Leverage prominently featured a black male hacker for the entirety of its 4 year run, beginning 9 years ago. He too had all the requisite hacking superpowers Hollywood insists on depicting.
Hell, we can go all the way back to Hackers, in 1995, to find a very young Angelina Jolie playing yet another improbably beautiful female hacker. We don't know if she had hacking superpowers because real computers didn't actually appear in that movie, but I'm sure if there were any, she would have.
Other examples are plentiful. In short, Hollywood has been injecting minorities and women into a predominantly white male role for more than a generation, predating even the existence of Google. It doesn't matter. In the face of persistent, even pervasive propaganda for an entire generation, the number of women getting CS degrees has gone down, not up. It's almost as if people object to fake role models routinely doing the impossible, especially when they know damn well that the job is simultaneously boring (to their minds) and insanely complicated, and nothing like what's depicted on TV, because guess what, everybody can use a computer, and nearly everybody has, at least a little, so they know the reality is far different.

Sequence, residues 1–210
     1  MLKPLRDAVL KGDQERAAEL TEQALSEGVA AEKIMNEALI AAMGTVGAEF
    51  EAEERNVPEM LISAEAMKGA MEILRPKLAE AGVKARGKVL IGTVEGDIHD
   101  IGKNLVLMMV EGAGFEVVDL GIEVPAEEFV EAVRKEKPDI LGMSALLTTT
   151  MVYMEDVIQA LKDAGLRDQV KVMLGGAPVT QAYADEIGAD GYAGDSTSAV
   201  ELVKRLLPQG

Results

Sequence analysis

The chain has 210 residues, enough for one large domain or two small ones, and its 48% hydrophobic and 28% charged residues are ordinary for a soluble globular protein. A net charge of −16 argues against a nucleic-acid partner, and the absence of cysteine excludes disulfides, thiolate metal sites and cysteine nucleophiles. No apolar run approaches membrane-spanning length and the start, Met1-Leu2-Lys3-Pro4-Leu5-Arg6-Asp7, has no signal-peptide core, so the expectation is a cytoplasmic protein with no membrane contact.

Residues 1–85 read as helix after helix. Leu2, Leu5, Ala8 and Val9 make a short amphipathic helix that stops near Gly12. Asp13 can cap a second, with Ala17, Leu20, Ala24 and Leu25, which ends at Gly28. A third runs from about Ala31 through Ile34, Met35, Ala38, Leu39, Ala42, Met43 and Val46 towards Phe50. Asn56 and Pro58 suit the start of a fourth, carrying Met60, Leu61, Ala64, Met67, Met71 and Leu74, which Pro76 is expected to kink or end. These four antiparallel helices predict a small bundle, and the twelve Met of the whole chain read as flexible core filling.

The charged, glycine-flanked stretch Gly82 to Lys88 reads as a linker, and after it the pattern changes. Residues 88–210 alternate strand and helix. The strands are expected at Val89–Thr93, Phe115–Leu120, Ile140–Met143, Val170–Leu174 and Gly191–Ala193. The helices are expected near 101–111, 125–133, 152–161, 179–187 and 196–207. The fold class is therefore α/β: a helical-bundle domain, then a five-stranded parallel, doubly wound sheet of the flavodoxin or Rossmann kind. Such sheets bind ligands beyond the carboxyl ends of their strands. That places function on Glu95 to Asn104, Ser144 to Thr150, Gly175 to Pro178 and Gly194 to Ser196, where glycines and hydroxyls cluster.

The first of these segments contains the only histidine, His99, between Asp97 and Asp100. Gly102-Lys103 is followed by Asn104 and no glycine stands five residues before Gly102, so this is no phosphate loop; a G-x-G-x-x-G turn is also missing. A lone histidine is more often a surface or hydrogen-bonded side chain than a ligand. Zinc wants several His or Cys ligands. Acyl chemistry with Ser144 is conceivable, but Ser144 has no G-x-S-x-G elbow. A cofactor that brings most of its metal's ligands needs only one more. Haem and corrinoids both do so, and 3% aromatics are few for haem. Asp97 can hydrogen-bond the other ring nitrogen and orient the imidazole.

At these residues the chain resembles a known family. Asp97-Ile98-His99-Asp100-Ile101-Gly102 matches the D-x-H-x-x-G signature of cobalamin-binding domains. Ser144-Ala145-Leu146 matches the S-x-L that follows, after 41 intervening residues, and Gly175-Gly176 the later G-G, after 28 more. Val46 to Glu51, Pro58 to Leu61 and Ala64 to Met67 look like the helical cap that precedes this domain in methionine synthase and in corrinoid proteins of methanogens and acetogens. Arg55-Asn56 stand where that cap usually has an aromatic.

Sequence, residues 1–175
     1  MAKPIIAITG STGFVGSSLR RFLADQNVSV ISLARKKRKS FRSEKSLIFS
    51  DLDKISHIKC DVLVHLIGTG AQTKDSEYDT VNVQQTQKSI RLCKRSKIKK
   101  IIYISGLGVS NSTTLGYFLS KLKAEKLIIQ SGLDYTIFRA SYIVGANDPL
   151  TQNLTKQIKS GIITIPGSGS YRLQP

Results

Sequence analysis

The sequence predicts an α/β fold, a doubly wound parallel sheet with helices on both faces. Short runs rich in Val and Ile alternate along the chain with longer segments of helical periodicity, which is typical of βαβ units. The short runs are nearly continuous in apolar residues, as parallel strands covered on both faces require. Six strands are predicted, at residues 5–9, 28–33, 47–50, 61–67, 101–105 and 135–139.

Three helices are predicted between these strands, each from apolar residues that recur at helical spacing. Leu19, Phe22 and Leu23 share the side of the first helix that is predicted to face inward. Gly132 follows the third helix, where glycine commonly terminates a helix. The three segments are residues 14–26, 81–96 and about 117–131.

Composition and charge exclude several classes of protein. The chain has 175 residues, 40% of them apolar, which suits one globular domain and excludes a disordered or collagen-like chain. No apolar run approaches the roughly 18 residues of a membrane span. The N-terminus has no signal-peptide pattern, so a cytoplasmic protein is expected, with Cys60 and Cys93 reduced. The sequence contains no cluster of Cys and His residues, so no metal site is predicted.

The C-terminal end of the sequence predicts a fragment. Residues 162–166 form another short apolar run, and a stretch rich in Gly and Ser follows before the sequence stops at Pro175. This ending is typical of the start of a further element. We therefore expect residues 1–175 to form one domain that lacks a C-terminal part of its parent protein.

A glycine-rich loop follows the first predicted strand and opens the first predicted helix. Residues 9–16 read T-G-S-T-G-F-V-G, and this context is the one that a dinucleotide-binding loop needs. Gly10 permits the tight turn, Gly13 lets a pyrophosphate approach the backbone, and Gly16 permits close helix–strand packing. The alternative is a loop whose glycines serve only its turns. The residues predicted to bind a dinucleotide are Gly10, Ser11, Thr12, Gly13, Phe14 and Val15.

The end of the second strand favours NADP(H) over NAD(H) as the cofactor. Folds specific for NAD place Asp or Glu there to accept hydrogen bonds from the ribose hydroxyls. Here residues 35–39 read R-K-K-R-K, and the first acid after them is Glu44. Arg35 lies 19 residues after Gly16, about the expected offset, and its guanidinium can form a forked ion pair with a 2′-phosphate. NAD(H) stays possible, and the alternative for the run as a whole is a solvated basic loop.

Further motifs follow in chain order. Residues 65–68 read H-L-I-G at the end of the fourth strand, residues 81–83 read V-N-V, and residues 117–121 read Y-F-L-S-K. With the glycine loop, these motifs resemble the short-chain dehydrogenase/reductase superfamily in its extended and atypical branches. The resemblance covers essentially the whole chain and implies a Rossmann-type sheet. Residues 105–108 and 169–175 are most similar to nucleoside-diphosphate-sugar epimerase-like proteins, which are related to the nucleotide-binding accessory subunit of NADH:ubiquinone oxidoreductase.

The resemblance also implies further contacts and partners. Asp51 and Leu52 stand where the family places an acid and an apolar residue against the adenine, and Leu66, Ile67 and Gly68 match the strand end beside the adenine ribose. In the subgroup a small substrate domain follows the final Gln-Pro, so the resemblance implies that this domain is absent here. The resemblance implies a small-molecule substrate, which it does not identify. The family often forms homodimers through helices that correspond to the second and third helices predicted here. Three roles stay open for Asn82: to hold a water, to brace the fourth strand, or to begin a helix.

Bullshit propaganda is bullshit, and also a demonstrated failure. But you just keep on keepin' on, Google. I'm sure it'll start working. Aaaaany minute now...
(Actually, white males should probably be thanking Google for these efforts. After 25 years of anti-correlation, their propaganda seems to have had the affect of reinforcing their dominance of the field. Want a fake hacker? Hire a pretty girl or a black man. Want your computer fixed? Hire a white man.)
If you think the system is working, ask someone who's waiting for a prompt.